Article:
Are you someone who tends to take action without thinking through the consequences? Do hasty decisions often get you into trouble? Do you often act based on your feelings in the moment rather than on a long-term plan? You may be struggling with impulsive behavior, one of the symptoms of BPD.
Impulsivity can be a very troubling aspect of BPD. Impulsive behavior can lead to problems with relationships, physical health, and finances, as well as legal issues. Learning more about impulsive behavior and treatments that target it can help reduce the impact of impulsivity in your life.
What is Impulsivity?
Impulsivity is a tendency to act quickly without thinking about the consequences of your actions. Impulsive behavior usually occurs in reaction to some event that has caused you to have some kind of emotional response.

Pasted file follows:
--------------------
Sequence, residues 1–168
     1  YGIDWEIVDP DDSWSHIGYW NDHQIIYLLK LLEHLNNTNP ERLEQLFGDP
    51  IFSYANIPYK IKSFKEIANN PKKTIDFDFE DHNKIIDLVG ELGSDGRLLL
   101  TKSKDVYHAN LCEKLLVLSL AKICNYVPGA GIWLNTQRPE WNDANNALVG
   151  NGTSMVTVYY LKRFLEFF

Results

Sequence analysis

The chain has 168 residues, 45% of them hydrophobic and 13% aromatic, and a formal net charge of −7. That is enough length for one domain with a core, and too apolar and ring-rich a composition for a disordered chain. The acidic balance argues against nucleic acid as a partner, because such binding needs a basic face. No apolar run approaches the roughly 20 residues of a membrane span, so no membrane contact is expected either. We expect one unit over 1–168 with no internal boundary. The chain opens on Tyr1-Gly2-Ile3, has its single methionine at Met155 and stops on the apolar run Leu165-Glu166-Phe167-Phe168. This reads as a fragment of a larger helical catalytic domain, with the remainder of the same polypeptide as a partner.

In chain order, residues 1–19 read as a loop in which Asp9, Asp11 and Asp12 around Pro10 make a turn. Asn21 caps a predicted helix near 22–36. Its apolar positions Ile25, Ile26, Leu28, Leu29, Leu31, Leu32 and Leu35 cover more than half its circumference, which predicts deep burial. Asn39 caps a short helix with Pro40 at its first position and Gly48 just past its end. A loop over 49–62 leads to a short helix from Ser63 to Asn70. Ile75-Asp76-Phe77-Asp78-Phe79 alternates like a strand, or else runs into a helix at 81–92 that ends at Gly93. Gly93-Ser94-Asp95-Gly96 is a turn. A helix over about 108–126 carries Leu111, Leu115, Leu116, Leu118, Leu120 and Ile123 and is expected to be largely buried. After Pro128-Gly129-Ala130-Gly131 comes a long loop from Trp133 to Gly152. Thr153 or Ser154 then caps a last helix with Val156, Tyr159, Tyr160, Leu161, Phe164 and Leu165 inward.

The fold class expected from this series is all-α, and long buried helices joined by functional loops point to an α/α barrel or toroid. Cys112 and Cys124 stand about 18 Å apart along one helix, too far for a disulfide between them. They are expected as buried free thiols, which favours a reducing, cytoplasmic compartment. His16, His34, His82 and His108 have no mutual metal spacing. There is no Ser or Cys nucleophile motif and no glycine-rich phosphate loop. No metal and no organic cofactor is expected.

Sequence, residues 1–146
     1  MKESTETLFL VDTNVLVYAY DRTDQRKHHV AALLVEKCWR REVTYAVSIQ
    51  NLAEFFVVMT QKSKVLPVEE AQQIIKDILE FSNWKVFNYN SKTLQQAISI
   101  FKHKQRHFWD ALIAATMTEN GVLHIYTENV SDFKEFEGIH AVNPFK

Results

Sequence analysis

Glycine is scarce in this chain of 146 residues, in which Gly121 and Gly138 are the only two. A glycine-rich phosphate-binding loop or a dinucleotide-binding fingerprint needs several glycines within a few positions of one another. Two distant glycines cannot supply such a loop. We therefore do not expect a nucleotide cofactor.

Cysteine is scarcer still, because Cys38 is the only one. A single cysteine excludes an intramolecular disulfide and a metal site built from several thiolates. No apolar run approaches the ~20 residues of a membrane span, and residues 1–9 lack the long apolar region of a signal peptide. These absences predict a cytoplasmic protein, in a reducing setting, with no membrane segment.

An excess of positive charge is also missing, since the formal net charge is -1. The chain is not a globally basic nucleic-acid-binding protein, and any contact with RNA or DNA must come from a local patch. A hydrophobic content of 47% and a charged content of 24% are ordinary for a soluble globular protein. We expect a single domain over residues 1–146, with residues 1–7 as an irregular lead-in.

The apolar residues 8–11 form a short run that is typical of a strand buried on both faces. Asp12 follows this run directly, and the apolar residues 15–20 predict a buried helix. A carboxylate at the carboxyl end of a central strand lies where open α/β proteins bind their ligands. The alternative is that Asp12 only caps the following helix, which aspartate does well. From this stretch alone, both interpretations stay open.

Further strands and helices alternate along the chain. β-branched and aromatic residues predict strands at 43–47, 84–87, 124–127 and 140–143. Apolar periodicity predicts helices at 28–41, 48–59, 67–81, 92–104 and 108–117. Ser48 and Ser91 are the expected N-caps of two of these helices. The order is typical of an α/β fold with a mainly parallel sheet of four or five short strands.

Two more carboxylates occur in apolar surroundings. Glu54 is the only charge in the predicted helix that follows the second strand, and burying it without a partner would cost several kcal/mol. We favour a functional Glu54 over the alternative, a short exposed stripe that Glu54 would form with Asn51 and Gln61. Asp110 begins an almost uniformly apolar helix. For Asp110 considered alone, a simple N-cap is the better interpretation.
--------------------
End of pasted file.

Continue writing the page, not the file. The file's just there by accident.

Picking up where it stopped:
For example, imagine you are waiting in line at the bank and someone cuts in front of you. If you were to act on an impulse, you might immediately behave aggressively toward that person (e.g., yelling, or even becoming violent), without thinking about the consequence of this kind of behavior (e.g., being escorted out of the bank or even arrested).
It is important to note that occasional impulsive behavior is not necessarily indicative of a diagnosis of BPD. Everyone acts impulsively from time to time. Only when this type of behavior becomes either frequent or serious (e.g., dangerous), is it considered problematic.
What are Some Examples of Impulsive Behaviors?
Some examples of impulsive behaviors include:
Can Impulsivity Be Treated?
Yes. Many treatments for BPD have components that target impulsivity. For example, Dialectical Behavior Therapy (DBT) focuses on building skills that will help you to reduce your impulsive behaviors.